Australia to Patrol Beaches with Shark-Spotting Drones

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Drone footage has captured sharks circling unsuspecting surfers and feeding on schools of fish—but the unmanned aerial vehicles will soon have a different shark-spotting purpose.

Australia’s beaches are going to be patrolled by AI-powered drones capable of detecting shark activity, reports Reuters.

Flying along the country’s beaches and coasts, the drones will transmit live captured aerial footage to an operator who will leverage an AI-enabled shark detection system to spot the large fish in real-time. The software—aptly named Sharkspotter—was developed by the University of Technology Sydney’s School of Software.

Dr. Nabin Sharma, a research associate at the School of Software, said Sharkspotter combines state-of-the-art deep learning algorithms and image processing techniques.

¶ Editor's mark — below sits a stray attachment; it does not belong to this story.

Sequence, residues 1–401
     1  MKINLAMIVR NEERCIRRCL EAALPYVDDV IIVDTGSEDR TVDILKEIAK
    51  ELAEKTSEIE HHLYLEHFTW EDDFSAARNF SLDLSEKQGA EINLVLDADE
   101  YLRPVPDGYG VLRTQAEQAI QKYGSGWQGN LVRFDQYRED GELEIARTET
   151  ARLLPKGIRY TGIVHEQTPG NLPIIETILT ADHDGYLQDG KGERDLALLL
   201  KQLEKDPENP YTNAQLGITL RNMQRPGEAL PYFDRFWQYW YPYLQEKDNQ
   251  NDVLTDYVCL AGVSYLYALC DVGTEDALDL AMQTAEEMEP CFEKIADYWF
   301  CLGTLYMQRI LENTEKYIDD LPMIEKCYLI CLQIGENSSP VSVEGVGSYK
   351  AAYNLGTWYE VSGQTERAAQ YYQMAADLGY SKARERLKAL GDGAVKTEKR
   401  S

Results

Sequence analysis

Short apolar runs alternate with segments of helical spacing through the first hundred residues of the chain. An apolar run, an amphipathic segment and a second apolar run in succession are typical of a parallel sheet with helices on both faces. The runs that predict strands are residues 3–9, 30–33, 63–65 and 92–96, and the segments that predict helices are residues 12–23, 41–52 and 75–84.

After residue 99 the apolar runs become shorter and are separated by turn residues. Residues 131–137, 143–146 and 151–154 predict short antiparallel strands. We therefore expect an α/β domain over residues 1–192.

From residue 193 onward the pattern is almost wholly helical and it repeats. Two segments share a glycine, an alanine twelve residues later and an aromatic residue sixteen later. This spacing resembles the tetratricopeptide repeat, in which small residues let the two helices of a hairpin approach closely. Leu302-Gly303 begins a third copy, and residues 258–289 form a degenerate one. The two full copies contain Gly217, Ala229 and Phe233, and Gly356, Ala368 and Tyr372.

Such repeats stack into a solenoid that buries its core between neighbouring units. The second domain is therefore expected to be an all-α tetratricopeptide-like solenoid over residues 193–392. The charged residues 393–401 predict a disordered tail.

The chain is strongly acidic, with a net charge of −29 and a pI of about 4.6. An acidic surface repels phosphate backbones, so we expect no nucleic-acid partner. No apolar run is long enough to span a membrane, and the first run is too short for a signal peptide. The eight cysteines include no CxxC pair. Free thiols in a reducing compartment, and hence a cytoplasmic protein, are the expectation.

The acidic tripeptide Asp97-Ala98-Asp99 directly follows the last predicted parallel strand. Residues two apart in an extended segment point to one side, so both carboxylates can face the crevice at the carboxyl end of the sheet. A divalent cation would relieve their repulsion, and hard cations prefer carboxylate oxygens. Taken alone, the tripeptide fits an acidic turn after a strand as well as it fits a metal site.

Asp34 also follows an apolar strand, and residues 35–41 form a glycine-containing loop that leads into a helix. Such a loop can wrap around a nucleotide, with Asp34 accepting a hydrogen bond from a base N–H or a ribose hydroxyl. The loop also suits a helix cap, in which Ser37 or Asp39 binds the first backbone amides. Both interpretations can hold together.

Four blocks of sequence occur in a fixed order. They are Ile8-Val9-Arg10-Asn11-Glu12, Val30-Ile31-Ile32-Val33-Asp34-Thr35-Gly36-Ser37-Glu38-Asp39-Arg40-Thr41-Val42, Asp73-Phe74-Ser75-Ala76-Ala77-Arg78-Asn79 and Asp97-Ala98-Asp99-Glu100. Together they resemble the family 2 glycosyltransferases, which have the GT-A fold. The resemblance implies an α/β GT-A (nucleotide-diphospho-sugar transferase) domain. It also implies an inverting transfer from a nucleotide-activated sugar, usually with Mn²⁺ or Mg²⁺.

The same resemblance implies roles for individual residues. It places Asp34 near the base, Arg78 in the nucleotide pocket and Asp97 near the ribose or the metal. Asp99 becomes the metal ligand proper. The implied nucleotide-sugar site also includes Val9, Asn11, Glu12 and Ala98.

Studies show people are only 20 to 30 per cent accurate when analyzing data from aerial images to pinpoint shark activity, but the AI-powered software can triple the detection rate to 90 per cent, according to Reuters’ report.

The university explained in a press release that the software not only detects sharks, but assesses their potential threat to water users. Critical information captured by the drone can be relayed immediately to emergency services, beach lifeguards and water users for appropriate decision-making.

A megaphone attached to the drones can also be used to broadcast a warning to swimmers and surfers when a shark or potential risk is detected.

Australia experienced 26 recorded shark attacks last year including two fatalities. The university hopes their software will make beach recreation much safer.

Drone company Westpac Little Ripper Lifesaver will start deploying the AI-powered unmanned helicopters in Australia this September.

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